A Place for Intimacy in Cyberspace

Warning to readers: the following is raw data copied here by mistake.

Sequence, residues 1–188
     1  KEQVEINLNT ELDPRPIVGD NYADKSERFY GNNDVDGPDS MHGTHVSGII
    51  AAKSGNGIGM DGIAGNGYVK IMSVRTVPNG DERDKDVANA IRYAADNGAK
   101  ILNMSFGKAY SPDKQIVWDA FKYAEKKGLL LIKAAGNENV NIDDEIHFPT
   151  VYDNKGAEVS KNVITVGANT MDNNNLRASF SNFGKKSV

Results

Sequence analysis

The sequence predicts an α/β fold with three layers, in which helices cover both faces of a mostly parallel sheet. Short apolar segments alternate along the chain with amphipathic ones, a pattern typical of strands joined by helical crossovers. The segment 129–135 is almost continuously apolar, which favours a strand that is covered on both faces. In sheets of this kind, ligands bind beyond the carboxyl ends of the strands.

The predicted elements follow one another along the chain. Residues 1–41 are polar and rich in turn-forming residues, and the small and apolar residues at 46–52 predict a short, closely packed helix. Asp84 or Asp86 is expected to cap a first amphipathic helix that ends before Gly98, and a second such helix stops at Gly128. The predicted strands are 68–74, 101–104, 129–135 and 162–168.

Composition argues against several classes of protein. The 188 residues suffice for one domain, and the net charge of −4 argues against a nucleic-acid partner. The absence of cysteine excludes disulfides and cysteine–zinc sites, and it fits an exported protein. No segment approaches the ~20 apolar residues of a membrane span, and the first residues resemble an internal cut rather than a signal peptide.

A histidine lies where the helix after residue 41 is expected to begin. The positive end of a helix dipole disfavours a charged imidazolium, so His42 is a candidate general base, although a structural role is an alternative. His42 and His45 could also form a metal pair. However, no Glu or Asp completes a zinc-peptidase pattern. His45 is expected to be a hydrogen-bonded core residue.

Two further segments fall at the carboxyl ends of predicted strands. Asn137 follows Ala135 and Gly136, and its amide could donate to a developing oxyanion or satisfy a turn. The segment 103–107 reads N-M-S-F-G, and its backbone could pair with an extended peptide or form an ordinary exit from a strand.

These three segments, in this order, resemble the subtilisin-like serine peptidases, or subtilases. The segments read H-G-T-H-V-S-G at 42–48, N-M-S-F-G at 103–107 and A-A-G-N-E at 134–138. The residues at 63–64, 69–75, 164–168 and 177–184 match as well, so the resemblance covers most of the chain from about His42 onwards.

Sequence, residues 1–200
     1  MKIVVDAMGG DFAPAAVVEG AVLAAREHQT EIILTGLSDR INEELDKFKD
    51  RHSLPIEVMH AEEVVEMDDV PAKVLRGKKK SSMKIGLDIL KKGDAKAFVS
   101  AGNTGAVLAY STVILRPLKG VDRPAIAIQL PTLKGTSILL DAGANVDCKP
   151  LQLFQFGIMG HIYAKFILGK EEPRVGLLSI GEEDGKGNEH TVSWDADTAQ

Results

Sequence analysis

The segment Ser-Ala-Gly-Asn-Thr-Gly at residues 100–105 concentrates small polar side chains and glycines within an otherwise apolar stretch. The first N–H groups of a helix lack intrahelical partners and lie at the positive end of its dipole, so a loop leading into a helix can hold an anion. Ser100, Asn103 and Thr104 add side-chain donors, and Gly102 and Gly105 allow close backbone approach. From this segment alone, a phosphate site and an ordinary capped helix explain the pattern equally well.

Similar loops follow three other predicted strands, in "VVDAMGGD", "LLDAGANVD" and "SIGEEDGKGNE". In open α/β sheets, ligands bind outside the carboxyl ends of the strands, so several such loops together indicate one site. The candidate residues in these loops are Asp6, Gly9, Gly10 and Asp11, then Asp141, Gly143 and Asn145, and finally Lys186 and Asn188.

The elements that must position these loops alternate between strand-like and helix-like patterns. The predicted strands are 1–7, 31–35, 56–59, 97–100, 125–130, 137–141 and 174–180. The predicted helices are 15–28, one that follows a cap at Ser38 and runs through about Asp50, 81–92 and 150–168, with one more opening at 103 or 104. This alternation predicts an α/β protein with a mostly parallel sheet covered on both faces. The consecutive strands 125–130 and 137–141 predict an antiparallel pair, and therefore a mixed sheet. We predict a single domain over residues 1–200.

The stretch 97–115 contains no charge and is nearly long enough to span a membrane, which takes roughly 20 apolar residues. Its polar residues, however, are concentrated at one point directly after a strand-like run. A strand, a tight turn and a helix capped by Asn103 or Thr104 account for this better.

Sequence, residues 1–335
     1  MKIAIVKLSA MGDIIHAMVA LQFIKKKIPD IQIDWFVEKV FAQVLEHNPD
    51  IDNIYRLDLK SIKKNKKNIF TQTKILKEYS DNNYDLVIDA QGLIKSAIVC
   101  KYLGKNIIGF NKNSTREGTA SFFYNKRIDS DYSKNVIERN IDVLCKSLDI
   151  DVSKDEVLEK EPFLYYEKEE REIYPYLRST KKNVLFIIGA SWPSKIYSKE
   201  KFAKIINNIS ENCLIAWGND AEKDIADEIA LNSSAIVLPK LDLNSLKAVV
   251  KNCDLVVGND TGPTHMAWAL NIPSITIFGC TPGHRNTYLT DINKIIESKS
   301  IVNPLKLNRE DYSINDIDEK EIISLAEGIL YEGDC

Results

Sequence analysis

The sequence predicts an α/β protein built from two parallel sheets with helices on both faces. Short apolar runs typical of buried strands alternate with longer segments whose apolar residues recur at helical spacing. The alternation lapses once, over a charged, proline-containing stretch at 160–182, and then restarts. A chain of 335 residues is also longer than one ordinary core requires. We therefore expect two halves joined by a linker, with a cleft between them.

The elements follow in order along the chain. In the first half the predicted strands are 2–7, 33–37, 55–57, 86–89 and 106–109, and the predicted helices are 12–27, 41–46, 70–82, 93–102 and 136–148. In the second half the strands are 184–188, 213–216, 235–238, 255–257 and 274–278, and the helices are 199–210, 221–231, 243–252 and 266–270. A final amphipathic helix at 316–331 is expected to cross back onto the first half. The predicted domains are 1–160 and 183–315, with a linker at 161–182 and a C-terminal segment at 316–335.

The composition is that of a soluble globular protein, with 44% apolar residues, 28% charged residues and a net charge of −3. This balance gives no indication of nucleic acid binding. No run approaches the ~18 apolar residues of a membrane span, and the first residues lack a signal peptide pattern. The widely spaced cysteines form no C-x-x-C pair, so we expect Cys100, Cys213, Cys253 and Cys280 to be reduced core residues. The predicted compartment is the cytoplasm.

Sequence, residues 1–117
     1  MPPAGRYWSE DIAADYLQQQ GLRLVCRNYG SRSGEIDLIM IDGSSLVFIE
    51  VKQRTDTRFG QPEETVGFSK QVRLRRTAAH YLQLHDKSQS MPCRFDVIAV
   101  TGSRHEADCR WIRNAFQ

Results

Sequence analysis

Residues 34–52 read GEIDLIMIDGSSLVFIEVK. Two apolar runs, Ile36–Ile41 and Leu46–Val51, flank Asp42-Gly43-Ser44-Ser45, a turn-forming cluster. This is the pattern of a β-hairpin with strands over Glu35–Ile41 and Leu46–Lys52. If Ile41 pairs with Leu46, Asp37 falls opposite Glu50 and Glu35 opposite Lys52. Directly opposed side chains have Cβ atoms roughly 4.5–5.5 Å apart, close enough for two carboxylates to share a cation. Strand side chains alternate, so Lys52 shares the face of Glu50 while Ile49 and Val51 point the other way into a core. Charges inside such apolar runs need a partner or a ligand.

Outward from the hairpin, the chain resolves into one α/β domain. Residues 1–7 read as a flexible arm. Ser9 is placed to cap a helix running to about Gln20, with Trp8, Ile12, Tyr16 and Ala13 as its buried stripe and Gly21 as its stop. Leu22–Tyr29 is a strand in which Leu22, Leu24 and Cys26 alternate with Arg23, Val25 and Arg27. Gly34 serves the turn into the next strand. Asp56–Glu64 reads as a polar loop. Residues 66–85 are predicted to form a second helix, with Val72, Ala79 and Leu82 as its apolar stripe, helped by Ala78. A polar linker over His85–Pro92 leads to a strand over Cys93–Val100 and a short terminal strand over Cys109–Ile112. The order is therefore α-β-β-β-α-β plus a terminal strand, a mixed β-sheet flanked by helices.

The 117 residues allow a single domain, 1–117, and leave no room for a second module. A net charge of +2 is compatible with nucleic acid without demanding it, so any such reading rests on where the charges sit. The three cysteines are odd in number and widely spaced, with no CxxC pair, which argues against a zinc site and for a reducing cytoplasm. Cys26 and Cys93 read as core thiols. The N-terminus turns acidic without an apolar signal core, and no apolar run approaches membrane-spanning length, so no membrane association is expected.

image Cooking together, funny notes, holding hands — ‘thumb kiss’? According to an article by Ben Hammersley from the Guardian, “the next generation will find this sort of ambient intimacy [such as thumb kissing], just as natural as holding hands” and we can’t say viagra vs levitra vs cialis vs staxyn we disagree. Here is a familiar statistic: “One in five relationships begin online.” If the process of dating has changed rapidly with technology (to text, or not to text, after the first date), it is only natural that technology has an influence on the way we communicate in relationships. However, there is a slight downside to the array of technological resources that we use to stay connected: it can be overwhelming. There is text message, email, Facebook, Twitter, Tumblr, Instagram and many other communication resources out there, it can feel like a wild hurricane of information coming at you. While it is really nice to keep up with cialis online pay with paypal old friends, is it necessary to know that your friend’s child has just taken her first poop or that your high school friend had a tuna sandwich for lunch? And while we have learned that writing in ALL CAPS can seem passive aggressive, according to an article by Alex Williams of NYtimes.com, it seems that our tech skilled generation hasn’t quite mastered “Netiquette,” such as “discrete wall posting” and over-sharing of personal information. There is also the matter of friends and family over-commenting on relationship details that are leaked online. For example, the long sequence of comments on Facebook that follow the announcement that ‘so and so’ are no longer in a relationship, with comments like “You guys need viagra cialis levitra comparacion to work it out, I liked you guys together,” hence a private matter, becomes public. Many social networks are also widely publicized as avenues to network and keep up with work, which raises an important question, where is the place for romance in cyberspace? Pandodaily writer Erin Griffith, and her boyfriend, Matt, tried an experiment where they used Couple as their primary source of social media communication for a few weeks–the result, a private space. “Matt and I found that doing cialis use instructions them inside [Couple] was a reminder that our relationship is special enough to deserve its own little place on our phones, separate from every other app with messages from friends and family next to ours.” In our tech savvy http://cialispharmacy-onlinetop.com/ world, relationships deserve a space free of distracting announcements, cautiousness about over sharing relationship details–a space for inside jokes, silly drawings, private moments and eyeroll-free mushiness. It is also about re-envisioning the box of notes, cards and other sentimental relationship memorabilia. Family based, social media apps like Path create a form of archived intimacy that allow people to revisit the warmth of their favorite moments with their loved ones. Also according to Hammersley, we are going to get better at navigating etiquette in mucky technological waters, “the next generation will be completely relaxed in the manners that surround technology, such as one new Silicon Valley habit: when you go to a bar with friends, everyone takes out their smartphone and places it in the centre of the table. The first one to touch their handset has to pay for all the drinks.” Until everyone is well howdoescialis-worklast.com mannered, it is great that groups, families, and couples have social media options where they don’t have to worry about privacy, external agitations and netiquette; providing true technological intimacy for relationships.

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